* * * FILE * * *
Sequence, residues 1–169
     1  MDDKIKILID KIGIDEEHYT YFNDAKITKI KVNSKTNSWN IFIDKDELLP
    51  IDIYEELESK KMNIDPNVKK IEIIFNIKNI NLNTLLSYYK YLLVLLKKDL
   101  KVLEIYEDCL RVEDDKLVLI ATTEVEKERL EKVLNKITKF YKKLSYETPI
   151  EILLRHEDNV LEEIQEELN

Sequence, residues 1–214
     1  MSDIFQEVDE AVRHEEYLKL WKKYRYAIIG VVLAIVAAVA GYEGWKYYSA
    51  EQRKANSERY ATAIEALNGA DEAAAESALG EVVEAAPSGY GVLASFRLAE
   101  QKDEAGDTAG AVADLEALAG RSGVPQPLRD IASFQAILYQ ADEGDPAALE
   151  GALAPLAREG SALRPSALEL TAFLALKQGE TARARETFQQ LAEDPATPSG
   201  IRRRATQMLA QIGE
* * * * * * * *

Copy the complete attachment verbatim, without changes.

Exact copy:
Sequence, residues 1–169
     1  MDDKIKILID KIGIDEEHYT YFNDAKITKI KVNSKTNSWN IFIDKDELLP
    51  IDIYEELESK KMNIDPNVKK IEIIFNIKNI NLNTLLSYYK YLLVLLKKDL
   101  KVLEIYEDCL RVEDDKLVLI ATTEVEKERL EKVLNKITKF YKKLSYETPI
   151  EILLRHEDNV LEEIQEELN

Sequence, residues 1–214
     1  MSDIFQEVDE AVRHEEYLKL WKKYRYAIIG VVLAIVAAVA GYEGWKYYSA
    51  EQRKANSERY ATAIEALNGA DEAAAESALG EVVEAAPSGY GVLASFRLAE
   101  QKDEAGDTAG AVADLEALAG RSGVPQPLRD IASFQAILYQ ADEGDPAALE
   151  GALAPLAREG SALRPSALEL TAFLALKQGE TARARETFQQ LAEDPATPSG
   201  IRRRATQMLA QIGE